Full of politics, heart, and the sort of suspense that nobody in the world does better, The Mission Song turns John Le Carre's laser eye for the complexity of the modern world on turmoil and conspiracy in Africa.
Abandoned by both his Irish father and Congolese mother, Bruno Salvador has long looked for someone to guide his life. He has found it in Mr. Anderson of British Intelligence. Bruno's African upbringing, and fluency in numerous African languages, has made him a top interpreter in London, useful to businesses, hospitals, diplomats--and spies. Working for Anderson in a clandestine facility known as the "Chat Room," Salvo (as he's known) translates intercepted phone calls, bugged recordings, and snatched voice mail messages.
When Anderson sends him to a mysterious island to interpret during a secret conference between Central African warlords, Bruno thinks he is helping Britain bring peace to a bloody corner of the world. But then he hears something he should not have...
By turns thriller, love story, and comic allegory of our times, The Mission Song is a crowning achievement, recounting an interpreter's heroically naive journey out of the dark of Western hypocrisy and into the heart of lightness.
Bestseller le Carr (The Constant Gardener) brings a light touch to his 20th novel, the engrossing tale of an idealistic and na ve British interpreter, Bruno "Salvo" Salvador. The 29-year-old Congo native's mixed parentage puts him in a tentative position in society, despite his being married to an attractive upper-class white Englishwoman, who's a celebrity journalist. Salvo's genius with languages has led to steady work from a variety of employers, including covert assignments from shadowy government entities. One such job enmeshes the interpreter in an ambitious scheme to finally bring stability to the much victimized Congo, and Salvo's personal stake in the outcome tests his professionalism and ethics. Amid the bursts of humor, le Carr convincingly conveys his empathy for the African nation and his cynicism at its would-be saviors, both home-grown patriots and global powers seeking to impose democracy on a failed state. Especially impressive is the character of Salvo, who's a far cry from the author's typical protagonist but is just as plausible.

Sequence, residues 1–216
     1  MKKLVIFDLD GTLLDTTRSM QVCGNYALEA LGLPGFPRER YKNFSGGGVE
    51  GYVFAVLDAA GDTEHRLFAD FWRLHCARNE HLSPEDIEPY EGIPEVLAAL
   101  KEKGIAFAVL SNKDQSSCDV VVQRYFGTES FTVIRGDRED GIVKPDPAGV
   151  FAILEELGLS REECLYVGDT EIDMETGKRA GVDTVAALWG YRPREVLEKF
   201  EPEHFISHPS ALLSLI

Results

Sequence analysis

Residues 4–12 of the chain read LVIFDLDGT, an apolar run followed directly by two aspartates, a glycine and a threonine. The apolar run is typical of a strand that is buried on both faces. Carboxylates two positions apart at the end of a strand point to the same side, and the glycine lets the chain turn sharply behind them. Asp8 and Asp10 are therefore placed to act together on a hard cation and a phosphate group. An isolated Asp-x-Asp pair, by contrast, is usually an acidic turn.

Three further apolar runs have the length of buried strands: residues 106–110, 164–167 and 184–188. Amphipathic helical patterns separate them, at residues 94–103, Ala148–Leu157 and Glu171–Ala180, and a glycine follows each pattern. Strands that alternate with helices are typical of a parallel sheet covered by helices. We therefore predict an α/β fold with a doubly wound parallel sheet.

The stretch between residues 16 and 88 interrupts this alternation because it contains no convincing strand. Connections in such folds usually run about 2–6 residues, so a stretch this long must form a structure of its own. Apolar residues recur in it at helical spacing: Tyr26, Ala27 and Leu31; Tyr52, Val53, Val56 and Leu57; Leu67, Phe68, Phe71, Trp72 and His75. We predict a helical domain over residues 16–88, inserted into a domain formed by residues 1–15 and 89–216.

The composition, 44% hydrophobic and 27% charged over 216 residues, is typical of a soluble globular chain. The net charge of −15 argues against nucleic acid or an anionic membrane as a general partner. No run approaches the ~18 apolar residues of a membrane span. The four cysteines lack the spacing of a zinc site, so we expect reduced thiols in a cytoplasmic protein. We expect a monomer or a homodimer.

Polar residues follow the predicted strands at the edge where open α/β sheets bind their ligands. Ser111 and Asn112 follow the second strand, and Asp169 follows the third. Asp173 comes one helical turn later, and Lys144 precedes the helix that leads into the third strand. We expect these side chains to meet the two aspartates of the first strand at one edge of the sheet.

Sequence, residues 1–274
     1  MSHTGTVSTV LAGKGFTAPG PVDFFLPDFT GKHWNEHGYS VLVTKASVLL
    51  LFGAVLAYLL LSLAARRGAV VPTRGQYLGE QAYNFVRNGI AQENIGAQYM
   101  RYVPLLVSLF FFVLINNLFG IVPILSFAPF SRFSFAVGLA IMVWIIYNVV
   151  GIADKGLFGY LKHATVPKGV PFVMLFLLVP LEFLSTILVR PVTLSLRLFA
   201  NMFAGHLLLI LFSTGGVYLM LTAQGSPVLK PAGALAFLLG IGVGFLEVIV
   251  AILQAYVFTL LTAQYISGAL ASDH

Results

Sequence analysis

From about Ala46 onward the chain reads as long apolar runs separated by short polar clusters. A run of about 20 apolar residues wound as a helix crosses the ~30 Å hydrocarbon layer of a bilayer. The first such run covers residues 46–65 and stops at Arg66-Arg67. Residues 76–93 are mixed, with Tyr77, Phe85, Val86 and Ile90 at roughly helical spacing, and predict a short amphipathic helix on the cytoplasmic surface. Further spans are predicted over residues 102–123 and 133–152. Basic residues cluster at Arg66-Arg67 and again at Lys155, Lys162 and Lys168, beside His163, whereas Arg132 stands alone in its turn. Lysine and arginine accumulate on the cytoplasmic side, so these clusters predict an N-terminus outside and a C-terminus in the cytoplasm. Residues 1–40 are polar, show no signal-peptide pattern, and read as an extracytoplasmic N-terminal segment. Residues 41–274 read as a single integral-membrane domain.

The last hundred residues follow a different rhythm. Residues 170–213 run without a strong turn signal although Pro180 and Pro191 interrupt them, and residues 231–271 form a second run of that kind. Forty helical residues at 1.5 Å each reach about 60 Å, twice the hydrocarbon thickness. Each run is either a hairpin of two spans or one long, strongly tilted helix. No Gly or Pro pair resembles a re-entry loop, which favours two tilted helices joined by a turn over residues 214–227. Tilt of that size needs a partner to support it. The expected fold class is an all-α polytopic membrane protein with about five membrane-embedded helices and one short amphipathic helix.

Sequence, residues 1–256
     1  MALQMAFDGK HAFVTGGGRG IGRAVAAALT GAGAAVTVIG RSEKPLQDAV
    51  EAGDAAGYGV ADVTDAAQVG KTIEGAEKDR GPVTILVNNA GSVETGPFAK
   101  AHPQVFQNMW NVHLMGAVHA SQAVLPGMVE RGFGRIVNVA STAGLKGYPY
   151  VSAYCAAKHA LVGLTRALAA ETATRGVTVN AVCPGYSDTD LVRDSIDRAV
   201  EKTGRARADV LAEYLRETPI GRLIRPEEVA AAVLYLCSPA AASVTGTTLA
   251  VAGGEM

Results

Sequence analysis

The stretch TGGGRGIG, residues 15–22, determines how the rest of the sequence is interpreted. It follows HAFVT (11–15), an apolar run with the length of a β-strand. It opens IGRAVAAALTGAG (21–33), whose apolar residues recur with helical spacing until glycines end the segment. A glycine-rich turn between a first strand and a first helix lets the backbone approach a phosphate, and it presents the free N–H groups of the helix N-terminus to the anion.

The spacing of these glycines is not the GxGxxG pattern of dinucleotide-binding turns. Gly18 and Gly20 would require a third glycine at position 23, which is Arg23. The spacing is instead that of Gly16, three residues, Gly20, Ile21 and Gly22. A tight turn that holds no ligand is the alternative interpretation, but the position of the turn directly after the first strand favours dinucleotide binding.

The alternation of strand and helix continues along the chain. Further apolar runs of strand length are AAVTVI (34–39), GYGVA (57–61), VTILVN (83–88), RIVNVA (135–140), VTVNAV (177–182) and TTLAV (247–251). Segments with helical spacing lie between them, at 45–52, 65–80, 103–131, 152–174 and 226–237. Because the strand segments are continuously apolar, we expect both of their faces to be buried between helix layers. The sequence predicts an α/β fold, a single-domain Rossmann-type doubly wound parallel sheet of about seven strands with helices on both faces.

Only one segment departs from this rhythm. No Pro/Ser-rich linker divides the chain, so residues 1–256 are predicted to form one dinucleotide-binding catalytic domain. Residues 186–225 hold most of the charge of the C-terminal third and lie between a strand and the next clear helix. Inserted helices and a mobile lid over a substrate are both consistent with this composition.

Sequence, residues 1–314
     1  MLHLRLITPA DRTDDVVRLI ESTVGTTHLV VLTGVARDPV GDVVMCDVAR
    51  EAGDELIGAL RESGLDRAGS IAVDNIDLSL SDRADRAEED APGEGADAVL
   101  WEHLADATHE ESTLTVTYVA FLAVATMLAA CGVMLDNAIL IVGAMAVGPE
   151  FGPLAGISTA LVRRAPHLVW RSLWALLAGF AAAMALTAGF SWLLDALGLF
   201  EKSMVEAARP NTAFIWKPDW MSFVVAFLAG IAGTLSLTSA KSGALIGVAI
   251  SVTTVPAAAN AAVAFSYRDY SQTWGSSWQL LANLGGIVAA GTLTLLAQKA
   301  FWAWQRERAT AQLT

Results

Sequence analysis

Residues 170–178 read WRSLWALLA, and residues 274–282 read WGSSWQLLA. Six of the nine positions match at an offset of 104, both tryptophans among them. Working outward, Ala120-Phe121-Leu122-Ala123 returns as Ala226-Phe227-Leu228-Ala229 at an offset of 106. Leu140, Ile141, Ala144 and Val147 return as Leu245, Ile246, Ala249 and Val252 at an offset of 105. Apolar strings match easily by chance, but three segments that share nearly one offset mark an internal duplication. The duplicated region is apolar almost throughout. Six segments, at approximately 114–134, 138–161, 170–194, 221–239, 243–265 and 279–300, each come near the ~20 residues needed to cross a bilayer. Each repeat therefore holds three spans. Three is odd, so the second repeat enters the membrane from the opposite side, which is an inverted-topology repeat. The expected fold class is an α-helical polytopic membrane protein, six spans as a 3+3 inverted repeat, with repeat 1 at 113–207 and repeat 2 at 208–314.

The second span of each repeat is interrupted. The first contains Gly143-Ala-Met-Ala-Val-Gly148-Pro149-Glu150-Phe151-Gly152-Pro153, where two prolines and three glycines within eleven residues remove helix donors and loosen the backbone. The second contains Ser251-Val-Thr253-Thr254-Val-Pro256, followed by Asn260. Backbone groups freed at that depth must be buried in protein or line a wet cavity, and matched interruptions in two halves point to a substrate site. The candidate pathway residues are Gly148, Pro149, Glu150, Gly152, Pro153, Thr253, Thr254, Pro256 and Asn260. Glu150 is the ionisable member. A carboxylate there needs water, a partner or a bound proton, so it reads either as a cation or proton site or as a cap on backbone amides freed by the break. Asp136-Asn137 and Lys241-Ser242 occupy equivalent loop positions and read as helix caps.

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The Mission Song
Just okay for LeCarre